Amid Protests, Hong Kong-Based Cathay Pacific Airways Warns of ‘Significant’ Revenue Strain
Cathay Pacific Airways Ltd. expects “significant impact” on its revenue from August and beyond as travel demand gets affected by the months-long protests in Hong Kong.
Both business and leisure travel into Hong Kong has “weakened substantially” and traffic from Hong Kong has started to soften, especially on short-haul routes to such countries as China and South Korea, Cathay Chief Customer Officer Ronald Lam said in an emailed statement Wednesday. Demand on China routes fell 2.8% in July, the biggest decline since February.
Cathay has been going through a volatile month that led to the naming a new chief executive officer Friday, a week after China imposed a swathe of demands on the airline for its workers’ participation in the protests. Chinese state-owned firms have also started boycotting the airline, raising further concerns that the demonstrations in Hong Kong could undermine the company’s efforts to turnaround its business.
Overall traffic, measured by revenue earned per kilometer, rose 6.7% in July, Cathay said. The airline filled 86.1% of its seats last month, compared with 86.7% in the same month last year.
Cathay said on Aug. 7 that inbound traffic to Hong Kong fell in July due to the protests and forwarding bookings declined by a “double digit” percentage.
The Civil Aviation Administration of China, or CAAC, barred staff who took part in or supported illegal protests from flying to the mainland or through its airspace and demanded Cathay provide a plan for improving flight safety and security. On Thursday, the regulator said Cathay had complied with its demands as of then.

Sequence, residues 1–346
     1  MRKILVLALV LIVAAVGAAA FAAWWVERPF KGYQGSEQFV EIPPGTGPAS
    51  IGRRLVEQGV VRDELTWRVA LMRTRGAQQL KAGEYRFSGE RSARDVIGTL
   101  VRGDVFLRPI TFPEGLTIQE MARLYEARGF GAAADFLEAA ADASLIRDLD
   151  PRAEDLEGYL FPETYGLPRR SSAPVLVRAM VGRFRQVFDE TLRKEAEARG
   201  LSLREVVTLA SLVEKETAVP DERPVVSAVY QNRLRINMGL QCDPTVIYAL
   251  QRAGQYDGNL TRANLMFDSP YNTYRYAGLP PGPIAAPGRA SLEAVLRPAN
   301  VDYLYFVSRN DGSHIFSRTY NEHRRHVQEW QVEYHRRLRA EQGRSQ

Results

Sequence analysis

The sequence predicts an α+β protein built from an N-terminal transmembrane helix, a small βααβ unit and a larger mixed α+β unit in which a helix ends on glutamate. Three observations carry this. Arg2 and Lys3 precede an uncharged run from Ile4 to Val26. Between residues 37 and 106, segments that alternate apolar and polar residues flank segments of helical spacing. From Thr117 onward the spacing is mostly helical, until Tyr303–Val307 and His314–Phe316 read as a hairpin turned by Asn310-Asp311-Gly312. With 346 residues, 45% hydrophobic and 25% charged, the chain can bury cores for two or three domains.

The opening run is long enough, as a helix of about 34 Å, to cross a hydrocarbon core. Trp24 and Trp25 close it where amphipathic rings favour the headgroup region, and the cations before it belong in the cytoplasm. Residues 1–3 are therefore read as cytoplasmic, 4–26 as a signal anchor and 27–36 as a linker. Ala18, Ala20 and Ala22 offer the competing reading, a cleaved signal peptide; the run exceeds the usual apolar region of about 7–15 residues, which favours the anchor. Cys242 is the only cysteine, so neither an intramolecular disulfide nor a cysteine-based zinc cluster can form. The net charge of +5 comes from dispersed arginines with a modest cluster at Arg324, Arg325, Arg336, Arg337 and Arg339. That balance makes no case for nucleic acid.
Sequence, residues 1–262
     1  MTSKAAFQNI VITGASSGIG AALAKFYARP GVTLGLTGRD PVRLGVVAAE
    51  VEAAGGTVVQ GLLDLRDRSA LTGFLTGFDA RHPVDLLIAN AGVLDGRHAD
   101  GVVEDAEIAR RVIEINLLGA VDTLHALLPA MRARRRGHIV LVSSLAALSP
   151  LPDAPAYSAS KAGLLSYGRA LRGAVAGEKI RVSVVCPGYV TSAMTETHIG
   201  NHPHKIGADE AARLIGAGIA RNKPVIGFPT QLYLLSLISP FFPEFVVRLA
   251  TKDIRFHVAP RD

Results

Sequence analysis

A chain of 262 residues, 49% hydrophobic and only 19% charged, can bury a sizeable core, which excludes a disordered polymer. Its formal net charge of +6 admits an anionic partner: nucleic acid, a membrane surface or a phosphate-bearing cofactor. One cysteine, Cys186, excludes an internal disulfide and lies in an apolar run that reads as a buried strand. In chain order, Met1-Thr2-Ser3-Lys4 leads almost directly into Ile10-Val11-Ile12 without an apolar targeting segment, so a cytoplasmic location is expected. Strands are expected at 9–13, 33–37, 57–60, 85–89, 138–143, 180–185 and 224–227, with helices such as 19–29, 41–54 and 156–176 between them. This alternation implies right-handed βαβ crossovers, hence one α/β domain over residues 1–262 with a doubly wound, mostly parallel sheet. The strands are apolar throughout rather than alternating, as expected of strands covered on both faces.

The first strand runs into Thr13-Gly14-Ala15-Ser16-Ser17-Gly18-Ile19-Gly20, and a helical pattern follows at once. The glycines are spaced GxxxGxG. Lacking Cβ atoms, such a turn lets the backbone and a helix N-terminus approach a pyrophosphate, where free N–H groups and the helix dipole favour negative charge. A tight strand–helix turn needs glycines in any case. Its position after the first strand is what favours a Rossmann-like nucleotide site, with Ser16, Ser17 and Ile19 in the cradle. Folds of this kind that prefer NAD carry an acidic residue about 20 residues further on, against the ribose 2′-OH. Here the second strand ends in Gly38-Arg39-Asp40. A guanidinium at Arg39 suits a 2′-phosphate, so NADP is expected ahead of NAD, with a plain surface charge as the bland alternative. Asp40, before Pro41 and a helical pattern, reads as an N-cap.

Most of Cathay’s 32,800 workers are based in Hong Kong and its hub is the airport that had become a key site for the protesters. Last week, the Hong Kong airport was shut down as demonstrators occupied key buildings, forcing Cathay to cancel hundreds of flights.
More must-read stories from Fortune:
—Vietnamese egg coffee is taking North America by storm–but what is it?
—Energy company earnings suffer in the gas glut era
—The U.S.-China trade war is forcing prunes to rebrand as a superfood
—The currency that’s quietly emerged as Asia’s safest bet
—Listen to our audio briefing, Fortune 500 Daily
Catch up with Data Sheet, Fortune’s daily digest on the business of tech.